Nearly two years ago, Apple (NASDAQ:AAPL) launched the iPhone 5. This was a radical departure from the prior generation iPhones in a number of key ways, including -- but not limited to -- an A6 processor with custom CPU cores, an aluminum chassis (complete with chamfered edges), a much improved display, and much more. The phone was a critical and commercial success, but unfortunately significant margin compression took its toll on Apple's bottom line.
Apple's market cap peak
At its $705 presplit share price, Apple's market capitalization was about $663 billion -- an impressive feat, especially considering that Apple didn't need any tech-bubblelike multiples to get there. As of the time of writing -- split unadjusted -- Apple stock trades at $670. But as far as market capitalization goes, Apple is still quite a ways off from its all-time high.
Indeed, thanks to a very aggressive (and shareholder friendly) buyback program, Apple commands "only" a $577 billion market capitalization. This is still about $86 billion off of Apple's all-time highs.
Can Apple reclaim its past highs?
If Apple were to recover to its market capitalization high, then the stock would be trading at about $110 per share, split adjusted. Now, to be completely fair, note that Apple's net income for fiscal year 2012 came in at $41.7 billion -- a record that Apple has yet to be able to hit again.
In fact, during the company's fiscal 2013, it "only" generated $37 billion in net income. This was driven by a $1.9 billion increase in operating expenses and a $4.5 billion drop in gross profit. These were partially offset by a $600 million boost in other income.
Fiscal 2014 looks as though it's on track to be an improvement over fiscal 2013, with consensus sitting at $38.78 billion. Interestingly enough, if we dig deeper into the consensus estimates for the next few years, it looks like the expectation is that Apple doesn't overtake its 2012 net income peak until fiscal 2016.
Does this mean we have to wait until 2016 for $110?
If it's going to take a couple of years to blow past fiscal 2012 net income numbers, does this mean that investors are going to need to wait until fiscal 2016 to get to $110? Well, the answer is probably "no" for a number of reasons:
- Buyback continues to lower share count. Apple is extremely serious about bringing down the share count, so even as investors wait for net income to hit new highs, the company will continue to bring down the share count, lowering the market capitalization bar to get to $110 per share.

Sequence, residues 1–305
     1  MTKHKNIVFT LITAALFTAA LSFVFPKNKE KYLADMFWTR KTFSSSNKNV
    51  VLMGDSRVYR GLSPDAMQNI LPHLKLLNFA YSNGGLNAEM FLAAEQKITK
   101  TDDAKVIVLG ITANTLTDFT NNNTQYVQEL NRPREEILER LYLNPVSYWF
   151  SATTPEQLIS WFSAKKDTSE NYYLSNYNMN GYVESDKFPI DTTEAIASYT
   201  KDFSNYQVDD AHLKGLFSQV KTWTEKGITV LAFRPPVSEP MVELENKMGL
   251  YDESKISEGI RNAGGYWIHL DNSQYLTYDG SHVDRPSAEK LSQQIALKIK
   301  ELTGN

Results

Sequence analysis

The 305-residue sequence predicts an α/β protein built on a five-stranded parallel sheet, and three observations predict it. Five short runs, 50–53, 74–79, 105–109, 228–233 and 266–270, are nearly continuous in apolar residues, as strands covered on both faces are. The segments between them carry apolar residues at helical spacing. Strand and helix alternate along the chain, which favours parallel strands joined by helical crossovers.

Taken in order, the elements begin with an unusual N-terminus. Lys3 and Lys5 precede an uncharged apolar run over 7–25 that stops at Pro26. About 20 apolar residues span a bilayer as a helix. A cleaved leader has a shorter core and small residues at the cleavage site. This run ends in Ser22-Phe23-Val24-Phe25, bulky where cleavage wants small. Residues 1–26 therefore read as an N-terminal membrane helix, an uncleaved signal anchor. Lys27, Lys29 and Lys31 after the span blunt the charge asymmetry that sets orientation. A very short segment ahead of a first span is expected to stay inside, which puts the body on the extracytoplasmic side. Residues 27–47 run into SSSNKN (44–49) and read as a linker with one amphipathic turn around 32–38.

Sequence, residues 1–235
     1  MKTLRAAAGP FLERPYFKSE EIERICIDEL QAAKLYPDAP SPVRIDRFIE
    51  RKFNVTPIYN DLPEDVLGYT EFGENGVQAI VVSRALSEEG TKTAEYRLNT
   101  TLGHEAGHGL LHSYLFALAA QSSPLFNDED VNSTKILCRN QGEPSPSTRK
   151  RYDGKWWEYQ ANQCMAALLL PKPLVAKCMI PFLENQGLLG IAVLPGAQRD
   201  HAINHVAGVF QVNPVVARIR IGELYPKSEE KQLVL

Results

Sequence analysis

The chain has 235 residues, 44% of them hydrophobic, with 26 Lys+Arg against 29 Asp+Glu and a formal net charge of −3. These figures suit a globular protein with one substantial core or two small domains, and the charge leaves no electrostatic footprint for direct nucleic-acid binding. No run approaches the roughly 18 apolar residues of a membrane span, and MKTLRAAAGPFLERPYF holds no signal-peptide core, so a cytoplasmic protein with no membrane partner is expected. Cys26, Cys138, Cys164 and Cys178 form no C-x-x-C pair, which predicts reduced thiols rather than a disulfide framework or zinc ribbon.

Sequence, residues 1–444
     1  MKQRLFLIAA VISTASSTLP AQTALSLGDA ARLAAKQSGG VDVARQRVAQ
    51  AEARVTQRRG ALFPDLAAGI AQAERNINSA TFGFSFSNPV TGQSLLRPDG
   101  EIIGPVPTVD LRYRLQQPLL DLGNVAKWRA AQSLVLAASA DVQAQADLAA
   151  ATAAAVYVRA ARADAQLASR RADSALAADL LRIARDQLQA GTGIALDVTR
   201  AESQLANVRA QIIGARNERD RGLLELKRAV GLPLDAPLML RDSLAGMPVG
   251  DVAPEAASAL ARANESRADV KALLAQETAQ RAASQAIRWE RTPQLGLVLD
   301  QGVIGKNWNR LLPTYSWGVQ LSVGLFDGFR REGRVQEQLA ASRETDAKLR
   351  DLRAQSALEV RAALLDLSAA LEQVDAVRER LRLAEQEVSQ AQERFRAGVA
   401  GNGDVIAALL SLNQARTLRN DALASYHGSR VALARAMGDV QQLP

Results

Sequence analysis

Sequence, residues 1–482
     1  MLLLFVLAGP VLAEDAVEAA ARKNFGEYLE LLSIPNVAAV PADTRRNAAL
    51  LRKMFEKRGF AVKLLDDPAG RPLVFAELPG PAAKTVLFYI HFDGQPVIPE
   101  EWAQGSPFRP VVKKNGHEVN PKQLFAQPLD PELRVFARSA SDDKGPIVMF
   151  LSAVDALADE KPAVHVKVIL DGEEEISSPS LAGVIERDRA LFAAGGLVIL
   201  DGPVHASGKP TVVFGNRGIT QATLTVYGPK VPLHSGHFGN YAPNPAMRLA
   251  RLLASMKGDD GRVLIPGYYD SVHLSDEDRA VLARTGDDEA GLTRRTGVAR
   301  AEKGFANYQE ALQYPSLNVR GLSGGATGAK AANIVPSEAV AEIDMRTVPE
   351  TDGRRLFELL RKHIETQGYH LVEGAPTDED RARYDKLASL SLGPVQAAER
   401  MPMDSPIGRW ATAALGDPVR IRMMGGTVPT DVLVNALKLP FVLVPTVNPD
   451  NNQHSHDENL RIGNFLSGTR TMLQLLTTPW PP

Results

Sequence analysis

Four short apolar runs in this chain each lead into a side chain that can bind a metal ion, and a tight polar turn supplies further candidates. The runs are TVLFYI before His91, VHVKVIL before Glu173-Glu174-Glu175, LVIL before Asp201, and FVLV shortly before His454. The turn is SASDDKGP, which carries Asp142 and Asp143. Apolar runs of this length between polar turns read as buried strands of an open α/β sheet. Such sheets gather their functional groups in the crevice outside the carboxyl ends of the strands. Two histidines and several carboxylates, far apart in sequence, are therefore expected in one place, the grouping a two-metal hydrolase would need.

- Consensus is meant to be broken. The consensus estimates represent sell-side analysts' best guesses as to what kind of revenue/profit numbers that Apple will ultimately do. Apple could fundamentally disrupt those numbers with a hit new product, unexpected market share gains, and so on. Consensus merely represents the bar, and Apple could very well jump right over it.
In fact, to that last point, there's more to take a look at.
Why the sell-side could be playing it safe
The numbers from the sell side, which imply that Apple won't get back to its net income peak until the end of fiscal 2016, actually seem to be a bit conservative.
Indeed, Apple has a number of tailwinds that should begin to kick in quite forcefully beginning this fall including two new high end iPhone 6 models (which should help Apple gain meaningful share in the high margin, high end portion of the smartphone market), likely refreshed iPad models with Touch ID (and as the iPhone 5s proved, Touch ID is a "must have" feature), and potentially even an iWatch.
Though most of the impact of these products will be in fiscal year 2015 rather than fiscal 2014 (this year), the current consensus of operating profit growth in fiscal 2015 of less than $3 billion over fiscal 2014 seems very conservative. And if that number is off, the rest of the numbers -- which use the fiscal 2014 and 2015 estimates as a baseline -- could prove too low as well.
And, if that turns out to be the case, and if Apple continues on its buyback spree, the stock could hit $110 sooner rather than later.